Date: August 19, 2011
Creator: Barth, Holly; Zimmermann, Elizabeth; Schaible, Eric; Tang, Simon; Alliston, Tamara & Ritchie, Robert
Partner: UNT Libraries Government Documents Department

CAGE100: Real-Time Multi-Port Packet Capture System for 100 Gigabit Ethernet Traffic

Description: Future large scale sciences are anticipated to use massive amount of data in their experiments. DOE’s ESnet (Energy Science Network) is developing a 100 Gbps backbone based on this state-of-the-art 100 Gigabit Ethernet standard. ESnet will serve thousands of DOE and non-DOE scientists with its high bandwidth backbone, and connect several national laboratories. Current Ethernet test and debug solutions, such as network traffic capturer/analyzer tools, support up to 10 Gbps speed, and the very few capable of handling 100 Gbps are extremely costly. Such tools are essential in the development of high speed devices and routers, and ultimately the success of 100 Gigabit Ethernet.
Date: June 14, 2012
Creator: Farrokhnia, Shahin; Namazi, Ali; Azimi-Sadjadi, Babak & Lin, Chujen
Partner: UNT Libraries Government Documents Department

PRINCIPLES OF TOMOGRAPHICAL IMAGING WITH LIMITED-ANGLE INPUT

Description: The theory of tomographical imaging with limited-angular input is discussed , from which two reconstruction algorithms are derived. The existence of missing information due to incomplete angular coverage is demonstrated. and an iteration algorithm to recover this information from a priori knowledge on the finite extent of the object developed. Smoothing algorithms to stabilize reconstructions in the presence of noise are given. The effects of digitization and finite truncation of the reconstruction region in numerical computation are also analysed. It is shown that the limited-angle problem is governed by a set of eigenvalues whose spectrum is determined by the imaging angle and the finite extent of the object. The distortion on a point source caused by the missing information is calculated; from the results some properties of the iteration scheme, such as spatial uniformity, are derived.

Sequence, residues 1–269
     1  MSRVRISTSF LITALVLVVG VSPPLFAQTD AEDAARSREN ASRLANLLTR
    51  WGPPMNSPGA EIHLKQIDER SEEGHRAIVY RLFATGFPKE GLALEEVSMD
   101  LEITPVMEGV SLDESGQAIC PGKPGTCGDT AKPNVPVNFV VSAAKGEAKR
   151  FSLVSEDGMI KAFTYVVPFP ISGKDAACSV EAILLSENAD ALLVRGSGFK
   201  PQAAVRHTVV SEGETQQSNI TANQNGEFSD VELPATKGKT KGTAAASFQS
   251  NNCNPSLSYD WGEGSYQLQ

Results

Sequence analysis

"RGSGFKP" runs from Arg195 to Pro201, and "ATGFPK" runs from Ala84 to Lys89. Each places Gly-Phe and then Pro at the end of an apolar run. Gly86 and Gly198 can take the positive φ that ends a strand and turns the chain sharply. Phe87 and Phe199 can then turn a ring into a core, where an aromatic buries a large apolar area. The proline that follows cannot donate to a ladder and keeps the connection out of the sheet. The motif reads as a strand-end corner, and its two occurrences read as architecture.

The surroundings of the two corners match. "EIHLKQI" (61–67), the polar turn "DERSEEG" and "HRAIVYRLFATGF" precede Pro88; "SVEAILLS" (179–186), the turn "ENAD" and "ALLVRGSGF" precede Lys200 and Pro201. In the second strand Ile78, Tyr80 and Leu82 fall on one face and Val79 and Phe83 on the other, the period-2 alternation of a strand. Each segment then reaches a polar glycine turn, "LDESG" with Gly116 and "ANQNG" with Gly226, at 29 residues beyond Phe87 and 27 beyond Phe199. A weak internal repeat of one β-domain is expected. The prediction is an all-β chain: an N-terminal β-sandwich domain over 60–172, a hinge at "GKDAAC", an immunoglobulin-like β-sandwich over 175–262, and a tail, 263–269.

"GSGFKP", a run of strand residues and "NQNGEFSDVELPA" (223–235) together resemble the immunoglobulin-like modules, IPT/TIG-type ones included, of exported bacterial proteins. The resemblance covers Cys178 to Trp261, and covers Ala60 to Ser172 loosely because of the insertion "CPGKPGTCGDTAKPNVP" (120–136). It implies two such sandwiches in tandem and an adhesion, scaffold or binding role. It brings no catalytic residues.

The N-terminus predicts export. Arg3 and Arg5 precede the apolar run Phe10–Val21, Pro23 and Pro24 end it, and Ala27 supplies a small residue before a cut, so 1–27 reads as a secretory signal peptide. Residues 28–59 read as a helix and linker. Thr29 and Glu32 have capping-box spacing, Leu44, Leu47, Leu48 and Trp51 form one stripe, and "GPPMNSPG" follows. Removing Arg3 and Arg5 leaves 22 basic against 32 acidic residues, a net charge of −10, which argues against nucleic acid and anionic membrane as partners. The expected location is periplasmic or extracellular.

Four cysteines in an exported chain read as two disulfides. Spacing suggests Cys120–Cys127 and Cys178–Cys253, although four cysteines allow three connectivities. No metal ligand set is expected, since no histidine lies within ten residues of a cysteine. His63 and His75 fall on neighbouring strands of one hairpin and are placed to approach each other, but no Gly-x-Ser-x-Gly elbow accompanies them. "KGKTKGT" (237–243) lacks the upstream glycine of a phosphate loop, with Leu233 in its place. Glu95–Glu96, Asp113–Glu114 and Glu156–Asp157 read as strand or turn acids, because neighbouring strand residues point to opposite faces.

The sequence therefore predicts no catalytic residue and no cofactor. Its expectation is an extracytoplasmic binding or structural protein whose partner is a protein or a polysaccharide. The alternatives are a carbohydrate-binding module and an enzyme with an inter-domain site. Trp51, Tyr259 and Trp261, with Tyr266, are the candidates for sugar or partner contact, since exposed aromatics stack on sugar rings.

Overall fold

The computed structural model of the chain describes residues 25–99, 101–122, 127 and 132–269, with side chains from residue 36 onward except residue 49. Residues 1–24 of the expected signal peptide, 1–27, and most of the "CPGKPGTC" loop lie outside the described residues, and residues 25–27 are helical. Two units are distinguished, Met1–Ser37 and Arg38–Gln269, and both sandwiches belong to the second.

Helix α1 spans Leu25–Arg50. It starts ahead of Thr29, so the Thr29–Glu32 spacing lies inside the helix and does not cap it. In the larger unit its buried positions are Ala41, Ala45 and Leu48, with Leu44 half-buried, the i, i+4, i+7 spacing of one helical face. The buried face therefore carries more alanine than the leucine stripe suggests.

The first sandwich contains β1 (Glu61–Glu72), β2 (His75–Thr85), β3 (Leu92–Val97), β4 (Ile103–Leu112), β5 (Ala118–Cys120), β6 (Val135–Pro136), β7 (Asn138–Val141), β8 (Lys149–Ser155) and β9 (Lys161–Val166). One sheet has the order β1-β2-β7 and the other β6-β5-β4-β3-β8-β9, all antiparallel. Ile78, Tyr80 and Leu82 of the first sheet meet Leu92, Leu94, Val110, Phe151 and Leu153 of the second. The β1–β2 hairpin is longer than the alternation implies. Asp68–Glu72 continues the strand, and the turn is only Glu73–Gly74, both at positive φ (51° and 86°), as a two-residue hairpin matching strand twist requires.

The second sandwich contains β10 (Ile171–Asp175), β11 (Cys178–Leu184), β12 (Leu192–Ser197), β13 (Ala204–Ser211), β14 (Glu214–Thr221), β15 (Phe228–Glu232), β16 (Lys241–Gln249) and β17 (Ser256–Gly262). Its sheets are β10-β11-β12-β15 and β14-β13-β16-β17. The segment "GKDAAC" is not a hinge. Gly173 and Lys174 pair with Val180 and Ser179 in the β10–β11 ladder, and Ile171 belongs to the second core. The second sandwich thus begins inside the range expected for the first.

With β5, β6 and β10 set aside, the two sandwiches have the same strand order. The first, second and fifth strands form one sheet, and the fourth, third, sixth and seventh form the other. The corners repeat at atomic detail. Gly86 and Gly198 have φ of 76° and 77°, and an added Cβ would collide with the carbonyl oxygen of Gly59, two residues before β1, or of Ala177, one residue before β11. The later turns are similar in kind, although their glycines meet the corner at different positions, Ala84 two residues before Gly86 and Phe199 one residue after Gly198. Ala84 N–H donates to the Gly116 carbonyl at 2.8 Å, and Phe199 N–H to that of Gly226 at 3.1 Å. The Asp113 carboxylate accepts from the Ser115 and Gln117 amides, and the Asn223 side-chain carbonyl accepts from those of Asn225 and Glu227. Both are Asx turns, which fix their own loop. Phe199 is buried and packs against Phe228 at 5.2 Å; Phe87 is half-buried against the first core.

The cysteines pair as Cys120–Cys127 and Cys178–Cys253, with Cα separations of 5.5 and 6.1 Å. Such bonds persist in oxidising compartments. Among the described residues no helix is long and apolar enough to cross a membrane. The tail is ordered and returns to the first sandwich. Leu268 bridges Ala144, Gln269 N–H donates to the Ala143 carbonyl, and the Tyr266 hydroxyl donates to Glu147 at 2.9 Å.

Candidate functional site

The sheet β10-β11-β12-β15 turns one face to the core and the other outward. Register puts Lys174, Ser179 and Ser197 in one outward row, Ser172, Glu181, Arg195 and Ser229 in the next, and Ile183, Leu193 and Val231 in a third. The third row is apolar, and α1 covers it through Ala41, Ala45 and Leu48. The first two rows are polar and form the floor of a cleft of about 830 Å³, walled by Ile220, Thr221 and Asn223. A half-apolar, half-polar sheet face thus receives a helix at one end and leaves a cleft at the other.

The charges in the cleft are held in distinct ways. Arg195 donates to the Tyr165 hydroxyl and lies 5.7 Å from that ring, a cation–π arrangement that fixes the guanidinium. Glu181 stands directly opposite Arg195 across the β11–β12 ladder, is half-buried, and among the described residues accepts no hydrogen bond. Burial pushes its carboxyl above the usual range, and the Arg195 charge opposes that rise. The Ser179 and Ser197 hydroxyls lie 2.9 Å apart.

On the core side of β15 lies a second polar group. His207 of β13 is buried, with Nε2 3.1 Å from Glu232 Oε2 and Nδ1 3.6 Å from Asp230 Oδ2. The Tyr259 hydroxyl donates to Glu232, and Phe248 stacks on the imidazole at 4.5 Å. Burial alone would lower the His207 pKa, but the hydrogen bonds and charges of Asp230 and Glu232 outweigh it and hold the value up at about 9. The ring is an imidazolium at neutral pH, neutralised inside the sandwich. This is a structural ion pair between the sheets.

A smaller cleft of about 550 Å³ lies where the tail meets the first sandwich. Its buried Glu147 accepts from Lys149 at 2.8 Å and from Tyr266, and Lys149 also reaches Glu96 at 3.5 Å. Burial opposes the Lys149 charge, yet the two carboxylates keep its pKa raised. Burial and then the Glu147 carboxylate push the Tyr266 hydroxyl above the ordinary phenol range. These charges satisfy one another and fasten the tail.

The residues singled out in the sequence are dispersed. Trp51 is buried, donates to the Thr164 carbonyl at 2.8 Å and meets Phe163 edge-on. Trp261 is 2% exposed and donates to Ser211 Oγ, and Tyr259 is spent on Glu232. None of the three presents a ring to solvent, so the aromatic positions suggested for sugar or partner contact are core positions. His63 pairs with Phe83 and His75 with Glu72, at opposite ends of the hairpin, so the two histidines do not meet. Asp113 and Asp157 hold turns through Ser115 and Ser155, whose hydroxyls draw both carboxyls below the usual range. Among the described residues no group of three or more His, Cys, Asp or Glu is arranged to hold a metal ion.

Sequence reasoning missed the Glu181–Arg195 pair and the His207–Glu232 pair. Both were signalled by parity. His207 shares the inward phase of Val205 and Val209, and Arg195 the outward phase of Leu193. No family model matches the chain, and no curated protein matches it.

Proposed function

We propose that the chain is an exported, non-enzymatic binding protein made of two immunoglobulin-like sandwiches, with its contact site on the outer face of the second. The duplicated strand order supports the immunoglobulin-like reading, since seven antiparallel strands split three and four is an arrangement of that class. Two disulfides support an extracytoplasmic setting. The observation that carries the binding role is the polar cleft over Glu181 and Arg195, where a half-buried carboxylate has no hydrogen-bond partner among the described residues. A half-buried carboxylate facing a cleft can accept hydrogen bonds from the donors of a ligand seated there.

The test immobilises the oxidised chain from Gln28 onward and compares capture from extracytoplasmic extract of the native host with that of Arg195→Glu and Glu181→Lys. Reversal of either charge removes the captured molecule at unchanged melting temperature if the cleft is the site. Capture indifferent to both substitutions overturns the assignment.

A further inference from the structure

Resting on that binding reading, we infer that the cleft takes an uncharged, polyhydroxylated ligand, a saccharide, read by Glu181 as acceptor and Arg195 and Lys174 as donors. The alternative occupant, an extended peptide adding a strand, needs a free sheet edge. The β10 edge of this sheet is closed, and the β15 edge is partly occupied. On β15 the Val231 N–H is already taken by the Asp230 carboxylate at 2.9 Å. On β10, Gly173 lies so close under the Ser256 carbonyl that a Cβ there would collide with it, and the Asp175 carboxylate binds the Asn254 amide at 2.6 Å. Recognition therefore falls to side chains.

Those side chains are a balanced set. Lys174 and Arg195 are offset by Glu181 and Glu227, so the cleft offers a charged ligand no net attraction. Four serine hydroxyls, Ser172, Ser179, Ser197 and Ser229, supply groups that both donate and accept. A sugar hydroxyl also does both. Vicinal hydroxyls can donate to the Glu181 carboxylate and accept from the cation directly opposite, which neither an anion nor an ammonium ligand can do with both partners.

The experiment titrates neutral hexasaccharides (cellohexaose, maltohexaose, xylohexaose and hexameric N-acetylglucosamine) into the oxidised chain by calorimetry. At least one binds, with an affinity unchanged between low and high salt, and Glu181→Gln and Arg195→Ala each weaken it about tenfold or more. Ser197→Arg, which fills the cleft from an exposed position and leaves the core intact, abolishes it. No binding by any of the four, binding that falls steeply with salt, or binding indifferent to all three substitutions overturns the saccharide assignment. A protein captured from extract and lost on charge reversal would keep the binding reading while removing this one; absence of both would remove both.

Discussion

Date: September 1, 1980
Creator: Tam, K. C. & Perez-Mendez, V.
Partner: UNT Libraries Government Documents Department

Oncology Center

Description: Efforts by the Hollings Cancer Center to earn a designation as a National Cancer Center are outlined.
Date: September 21, 2009
Creator: Kraft, Andrew S.
Partner: UNT Libraries Government Documents Department

SARC: Development and Support of a Sarcoma Research Consortium Infrastructure

Description: SARC is a non-for-profit organization whose mission and vision is to advocate for the collaboration on the design of clinical trials on sarcoma, to further the knowledge regarding the diagnosis and treatment of sarcoma and provide accurate and up to date information to physicians, patients and families. The objectives are to assist in the development of the infrastructure for the continued growth and spectrum of clinical research, to facilitate biannual meeting of investigators, and to develop a preclinical research base that would design and conduct research that would improve the process of drug treatments selected for clinical research trials.
Date: October 29, 2007
Creator: Arkison, Jim
Partner: UNT Libraries Government Documents Department

Regeneration of Tissues and Organs Using Autologous Cells

Description: The proposed work aims to address three major challenges to the field of regenerative medicine: 1) the growth and expansion of regenerative cells outside the body in controlled in vitro environments, 2) supportive vascular supply for large tissue engineered constructs, and 3) interactive biomaterials that can orchestrate tissue development in vivo. Toward this goal, we have engaged a team of scientists with expertise in cell and molecular biology, physiology, biomaterials, controlled release, nanomaterials, tissue engineering, bioengineering, and clinical medicine to address all three challenges. This combination of resources, combined with the vast infrastructure of the WFIRM, have brought to bear on projects to discover and test new sources of autologous cells that can be used therapeutically, novel methods to improve vascular support for engineered tissues in vivo, and to develop intelligent biomaterials and bioreactor systems that interact favorably with stem and progenitor cells to drive tissue maturation. The Institute’s ongoing programs are aimed at developing regenerative medicine technologies that employ a patient’s own cells to help restore or replace tissue and organ function. This DOE program has provided a means to solve some of the vexing problems that are germane to many tissue engineering applications, regardless of tissue type or target disease. By providing new methods that are the underpinning of tissue engineering, this program facilitated advances that can be applied to conditions including heart disease, diabetes, renal failure, nerve damage, vascular disease, and cancer, to name a few. These types of conditions affect millions of Americans at a cost of more than $400 billion annually. Regenerative medicine holds the promise of harnessing the body’s own power to heal itself. By addressing the fundamental challenges of this field in a comprehensive and focused fashion, this DOE program has opened new opportunities to treat conditions where other approaches have failed.